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Local property owners should have received their annual assessment notices from the Grady County Board of Tax Assessors.
Notices were mailed by June 30, which according to Grady County administrator J.C. (Buddy) Johnson III, was approximately two weeks later than normal. This has shifted the timeline for setting the 2020 ad valorem tax rate for the county, Grady County Board of Education, and the cities of Cairo and Whigham back approximately a month.
However, the administrator and county finance director Holly Murkerson told commissioners Tuesday that no one foresees a problem with having a digest approved and millage rates adopted and set in time for tax bills to go out on Oct. 20 as in the past.
Murkerson updated the commission Tuesday on a meeting that was held with local officials and former Grady County Tax Commissioner Phyllis Gainous, who has been working part-time with the Georgia Department of Revenue. Murkerson said Gainous’ job is being eliminated due to state budget cuts, but she expects the former tax commissioner to continue to help as needed.
Due to a health issue within the county tax assessors office, the county was informed that the assessors were not comfortable in submitting a preliminary digest to the local governments to use for budgeting purposes and in preparation for the setting of millage rates.
According to Murkerson and Johnson, the assessors are taking a more conservative approach and wanting to allow the 45-day appeals process to end before submitting the digest.
Murkerson said she and Johnson would begin the initial review of the budget requests made by department heads and constitutional officers as early as next week.
Johnson said he is confident there will not be any need for a tax increase this year, however, he alerted the commission that some constitutional officers may not agree with his recommendations and they would demand an audience to make their case before the commission.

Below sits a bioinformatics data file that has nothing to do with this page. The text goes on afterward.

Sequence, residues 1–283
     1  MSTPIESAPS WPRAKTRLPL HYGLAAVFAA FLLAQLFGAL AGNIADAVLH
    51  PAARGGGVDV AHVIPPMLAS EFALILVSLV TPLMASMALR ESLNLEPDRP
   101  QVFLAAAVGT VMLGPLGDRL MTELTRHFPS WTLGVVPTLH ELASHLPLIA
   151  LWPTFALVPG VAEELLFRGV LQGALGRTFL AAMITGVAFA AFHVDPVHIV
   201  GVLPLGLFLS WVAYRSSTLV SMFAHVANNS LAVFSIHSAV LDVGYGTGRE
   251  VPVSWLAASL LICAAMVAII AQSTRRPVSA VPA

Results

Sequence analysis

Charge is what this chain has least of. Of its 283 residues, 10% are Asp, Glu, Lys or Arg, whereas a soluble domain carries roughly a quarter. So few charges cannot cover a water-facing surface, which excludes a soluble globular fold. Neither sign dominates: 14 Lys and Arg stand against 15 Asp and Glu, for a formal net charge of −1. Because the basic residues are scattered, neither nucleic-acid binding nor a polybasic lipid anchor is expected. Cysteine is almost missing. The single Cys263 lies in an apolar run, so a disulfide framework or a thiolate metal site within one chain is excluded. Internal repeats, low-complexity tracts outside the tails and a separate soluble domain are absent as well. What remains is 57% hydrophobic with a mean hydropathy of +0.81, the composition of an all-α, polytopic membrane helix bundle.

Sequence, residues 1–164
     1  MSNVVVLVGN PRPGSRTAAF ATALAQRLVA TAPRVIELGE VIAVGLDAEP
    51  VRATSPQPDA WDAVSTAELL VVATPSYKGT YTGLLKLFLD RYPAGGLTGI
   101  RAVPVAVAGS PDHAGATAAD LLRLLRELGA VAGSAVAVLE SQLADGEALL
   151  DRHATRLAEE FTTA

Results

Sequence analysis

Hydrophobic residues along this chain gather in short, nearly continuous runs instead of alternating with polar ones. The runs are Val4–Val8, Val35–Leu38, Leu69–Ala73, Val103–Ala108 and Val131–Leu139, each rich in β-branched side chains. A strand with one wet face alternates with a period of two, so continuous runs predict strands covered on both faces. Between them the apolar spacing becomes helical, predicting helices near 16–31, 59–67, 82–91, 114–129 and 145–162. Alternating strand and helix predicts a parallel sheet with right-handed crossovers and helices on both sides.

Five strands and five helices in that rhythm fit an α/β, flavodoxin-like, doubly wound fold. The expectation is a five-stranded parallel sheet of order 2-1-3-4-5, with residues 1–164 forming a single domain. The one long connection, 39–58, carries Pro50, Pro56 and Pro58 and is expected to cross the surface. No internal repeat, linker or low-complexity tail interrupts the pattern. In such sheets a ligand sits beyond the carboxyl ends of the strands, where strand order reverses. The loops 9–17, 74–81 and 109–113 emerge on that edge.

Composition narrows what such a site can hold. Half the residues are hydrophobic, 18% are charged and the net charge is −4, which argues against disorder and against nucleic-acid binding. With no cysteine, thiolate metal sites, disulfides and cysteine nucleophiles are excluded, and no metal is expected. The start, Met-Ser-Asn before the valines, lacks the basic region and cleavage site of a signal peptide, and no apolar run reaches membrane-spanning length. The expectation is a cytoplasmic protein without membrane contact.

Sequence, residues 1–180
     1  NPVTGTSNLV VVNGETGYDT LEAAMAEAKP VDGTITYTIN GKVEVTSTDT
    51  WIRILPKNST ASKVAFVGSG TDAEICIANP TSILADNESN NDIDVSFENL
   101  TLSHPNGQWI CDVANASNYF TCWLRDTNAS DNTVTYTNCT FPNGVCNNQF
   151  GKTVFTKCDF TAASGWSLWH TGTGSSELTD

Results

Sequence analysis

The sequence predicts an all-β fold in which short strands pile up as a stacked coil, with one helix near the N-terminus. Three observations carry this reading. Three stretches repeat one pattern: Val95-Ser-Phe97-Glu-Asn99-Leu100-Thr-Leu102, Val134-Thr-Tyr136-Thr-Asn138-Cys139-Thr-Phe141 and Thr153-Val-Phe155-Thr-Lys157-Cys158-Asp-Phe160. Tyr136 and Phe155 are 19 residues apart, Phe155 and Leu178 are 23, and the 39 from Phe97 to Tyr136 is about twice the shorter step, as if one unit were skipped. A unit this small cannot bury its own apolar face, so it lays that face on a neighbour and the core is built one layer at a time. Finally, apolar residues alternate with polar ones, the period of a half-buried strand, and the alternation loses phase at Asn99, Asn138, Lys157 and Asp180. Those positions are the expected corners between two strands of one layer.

“I’m glad Holly talked with Phyllis,” Commissioner LaFaye Copeland said.
“Phyllis Gainous has been a huge asset to this county. She came in last year and made sure we had everything in place. She has been a super help to us,” administrator Johnson said.
In other business Tuesday, the board:
‰Heard an update on a June 30 meeting between Southwest Georgia county officials and representatives of the Southwest Georgia Council on Aging regarding the closure of senior centers in the region, including in Grady County. Johnson said that the meals on wheels program is still being offered to local seniors and he is working with Nola Daughtry on the possibility of soliciting local churches to host seniors at their facilities with meals possibly delivered there and perhaps attendance and participation would improve. According to the Council on Aging, less than 20 seniors, typically between eight to 15, came to the senior center here on a regular basis for services.
‰Tabled action on abandonment of a portion of Asbell Lane.
‰Approved revisions to the county’s defined benefit plan that would allow the county to deduct retirement expenses from employees’ regular and overtime pay, but not from bonuses. Currently, the plan requires retirement contributions to be deducted from bonuses paid to county workers.
‰Approved the annual $4,500 contract with the Southwest Georgia Regional Commission to maintain the G.I.S. data for the board of tax assessors.